Govt gets it right, but the real test is its action if no buyer is found
The government has done well to remove most of the mindless restrictions that were put in place the last time it sought to privatise Air India (AI) and which ensured no one bid for the haemorrhaging airline; what it says about the earlier decision-making process is another story. Making a complete exit from Air India instead of retaining 24% like the last time around will reassure potential bidders that there will be no government interference, allowing sale-and-leaseback can make the purchase debt-free especially since the government is absorbing more debt, being able to carry forward unabsorbed depreciation and losses helps cushion the balance sheet and relaxing the eligibility criterion means there could be more suitors.
Senseless criterion like the need to run AI “on a going-concern basis” and “on an arms-length basis from (the buyer’s) other business” have been done away with, though it is not clear why the AI brand is to be maintained in the new plan. It is possible the idea is to placate the RSS/swadeshi group who refuse to understand the concept of a national carrier is outdated, but it can pose a problem for an existing airline buyer who may not wish to retain the AI brand; AI’s falling market share should make it clear that its brand loyalty isn’t as high as many think and, as can been seen in many sectors like telecom, the price-value equation is more compelling than brand value. The decision not to give a VRS to AI’s heavily unionized and pampered staff – at one point after the merger, Air India pilots got into a fight with Indian Airlines ones on whom would fly certain aircraft – could be a deal-breaker as a new owner may not want to take on this burden as it unnecessarily makes complicates operations; and given how the government just gave a generous VRS to both BSNL and MTNL to make them leaner, it is not clear why this was not done for AI.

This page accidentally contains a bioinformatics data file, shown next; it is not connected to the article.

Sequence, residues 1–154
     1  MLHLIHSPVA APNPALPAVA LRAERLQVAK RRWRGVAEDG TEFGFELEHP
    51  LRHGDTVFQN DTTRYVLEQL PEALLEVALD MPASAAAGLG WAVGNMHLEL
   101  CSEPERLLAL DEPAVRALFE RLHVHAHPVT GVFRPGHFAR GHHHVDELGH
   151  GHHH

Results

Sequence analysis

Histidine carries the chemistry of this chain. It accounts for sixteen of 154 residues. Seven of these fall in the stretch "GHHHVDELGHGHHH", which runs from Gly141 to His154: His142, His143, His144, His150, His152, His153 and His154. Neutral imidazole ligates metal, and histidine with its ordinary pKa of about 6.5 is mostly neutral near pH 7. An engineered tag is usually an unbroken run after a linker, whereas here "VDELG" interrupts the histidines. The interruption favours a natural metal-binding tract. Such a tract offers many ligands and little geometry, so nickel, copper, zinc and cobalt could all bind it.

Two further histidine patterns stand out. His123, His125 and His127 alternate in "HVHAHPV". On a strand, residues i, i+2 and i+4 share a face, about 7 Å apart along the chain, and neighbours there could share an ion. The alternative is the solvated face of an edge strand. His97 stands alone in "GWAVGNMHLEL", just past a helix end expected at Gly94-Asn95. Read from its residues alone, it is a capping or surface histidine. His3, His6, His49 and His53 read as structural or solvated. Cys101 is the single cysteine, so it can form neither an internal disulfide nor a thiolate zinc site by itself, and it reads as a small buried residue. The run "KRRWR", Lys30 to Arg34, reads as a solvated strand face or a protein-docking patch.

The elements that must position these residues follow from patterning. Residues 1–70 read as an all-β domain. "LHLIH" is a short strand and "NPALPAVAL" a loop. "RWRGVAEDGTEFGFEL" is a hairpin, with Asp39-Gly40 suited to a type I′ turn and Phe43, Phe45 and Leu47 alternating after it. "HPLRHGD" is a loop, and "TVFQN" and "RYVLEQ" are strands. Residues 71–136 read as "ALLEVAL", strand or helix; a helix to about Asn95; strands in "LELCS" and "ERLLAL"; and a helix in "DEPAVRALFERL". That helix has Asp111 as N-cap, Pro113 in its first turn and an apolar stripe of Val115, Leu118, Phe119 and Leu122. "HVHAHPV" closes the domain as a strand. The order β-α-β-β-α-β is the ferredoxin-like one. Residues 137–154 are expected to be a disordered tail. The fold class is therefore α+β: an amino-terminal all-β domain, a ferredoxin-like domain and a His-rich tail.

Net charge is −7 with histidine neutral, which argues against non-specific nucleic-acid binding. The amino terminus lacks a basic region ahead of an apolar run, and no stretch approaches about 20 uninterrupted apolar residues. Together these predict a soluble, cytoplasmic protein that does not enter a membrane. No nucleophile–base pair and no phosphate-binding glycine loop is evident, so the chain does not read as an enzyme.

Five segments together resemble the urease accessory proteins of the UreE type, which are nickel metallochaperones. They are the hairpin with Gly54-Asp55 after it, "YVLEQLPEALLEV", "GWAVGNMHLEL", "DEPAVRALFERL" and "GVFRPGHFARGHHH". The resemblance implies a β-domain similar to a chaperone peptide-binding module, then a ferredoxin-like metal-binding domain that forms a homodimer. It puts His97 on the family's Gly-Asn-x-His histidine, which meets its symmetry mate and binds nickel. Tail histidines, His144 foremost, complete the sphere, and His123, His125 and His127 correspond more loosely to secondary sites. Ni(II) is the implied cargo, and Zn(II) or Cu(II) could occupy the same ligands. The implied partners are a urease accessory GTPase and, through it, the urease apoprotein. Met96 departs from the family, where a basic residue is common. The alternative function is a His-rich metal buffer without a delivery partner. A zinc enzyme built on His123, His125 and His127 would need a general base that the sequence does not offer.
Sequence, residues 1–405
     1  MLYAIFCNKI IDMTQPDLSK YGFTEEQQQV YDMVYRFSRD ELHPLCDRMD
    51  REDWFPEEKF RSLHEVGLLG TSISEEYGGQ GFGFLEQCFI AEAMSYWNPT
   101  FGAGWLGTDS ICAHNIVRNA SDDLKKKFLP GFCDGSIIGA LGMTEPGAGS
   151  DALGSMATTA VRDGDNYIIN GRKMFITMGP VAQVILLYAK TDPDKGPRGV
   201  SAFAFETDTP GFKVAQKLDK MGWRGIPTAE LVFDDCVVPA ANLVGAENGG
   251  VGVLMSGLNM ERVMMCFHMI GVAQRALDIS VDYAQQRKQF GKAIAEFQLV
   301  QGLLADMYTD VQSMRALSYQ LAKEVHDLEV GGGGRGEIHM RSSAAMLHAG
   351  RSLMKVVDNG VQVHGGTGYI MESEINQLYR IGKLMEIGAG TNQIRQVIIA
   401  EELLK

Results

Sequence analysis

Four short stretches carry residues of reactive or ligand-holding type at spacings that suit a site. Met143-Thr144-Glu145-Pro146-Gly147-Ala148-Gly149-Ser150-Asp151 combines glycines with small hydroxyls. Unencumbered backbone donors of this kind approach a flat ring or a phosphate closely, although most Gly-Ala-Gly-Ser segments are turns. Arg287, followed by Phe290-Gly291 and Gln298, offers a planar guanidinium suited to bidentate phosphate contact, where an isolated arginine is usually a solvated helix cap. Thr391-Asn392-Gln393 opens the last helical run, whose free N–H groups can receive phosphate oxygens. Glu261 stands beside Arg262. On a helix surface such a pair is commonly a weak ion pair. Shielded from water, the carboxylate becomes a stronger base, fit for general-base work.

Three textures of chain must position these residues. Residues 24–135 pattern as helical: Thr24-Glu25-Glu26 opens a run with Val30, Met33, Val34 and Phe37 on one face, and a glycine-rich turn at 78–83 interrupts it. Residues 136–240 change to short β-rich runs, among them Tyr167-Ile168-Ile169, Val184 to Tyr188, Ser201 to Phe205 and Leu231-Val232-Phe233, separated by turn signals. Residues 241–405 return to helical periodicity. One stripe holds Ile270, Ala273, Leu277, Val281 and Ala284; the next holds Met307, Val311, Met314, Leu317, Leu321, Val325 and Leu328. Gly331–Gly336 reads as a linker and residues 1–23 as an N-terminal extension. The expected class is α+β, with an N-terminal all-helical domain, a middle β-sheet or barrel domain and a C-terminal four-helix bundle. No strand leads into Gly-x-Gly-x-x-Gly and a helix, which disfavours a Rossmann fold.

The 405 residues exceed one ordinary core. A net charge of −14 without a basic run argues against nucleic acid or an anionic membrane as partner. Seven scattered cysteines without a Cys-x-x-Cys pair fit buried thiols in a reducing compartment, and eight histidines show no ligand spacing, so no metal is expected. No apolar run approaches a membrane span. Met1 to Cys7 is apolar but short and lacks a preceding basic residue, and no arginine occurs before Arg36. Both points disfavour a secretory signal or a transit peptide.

The good news here is that the government has said that, should a potential bidder want, it is open to offering more concessions; to ensure there are no allegations of favouritism later, the government must offer these concessions to all bidders who express interest but chose to walk away during the sale process. If this is not done, they can allege that, had they been given the same concession, they would have bought AI. Though the government claims global ‘ownership and control’ rules make it impossible to allow foreign airlines to buy more than 49% of a domestic one – this would make AI’s bilateral rights useless – this is not strictly true; a CAPA paper gives instances (https://bit.ly/2Ry6Fn1) where countries/airlines have negotiated this. Had the government worked on this, rather than dismissing it outright, more foreign airlines may have been interested in AI. Despite all the sensible changes made for the AI sale this time around, these are tough times, and the government may still not get a buyer. Whether it will shut down the obviously unviable airlines – at least in government hands – is then the critical question since it will signal the government’s attitude towards PSUs.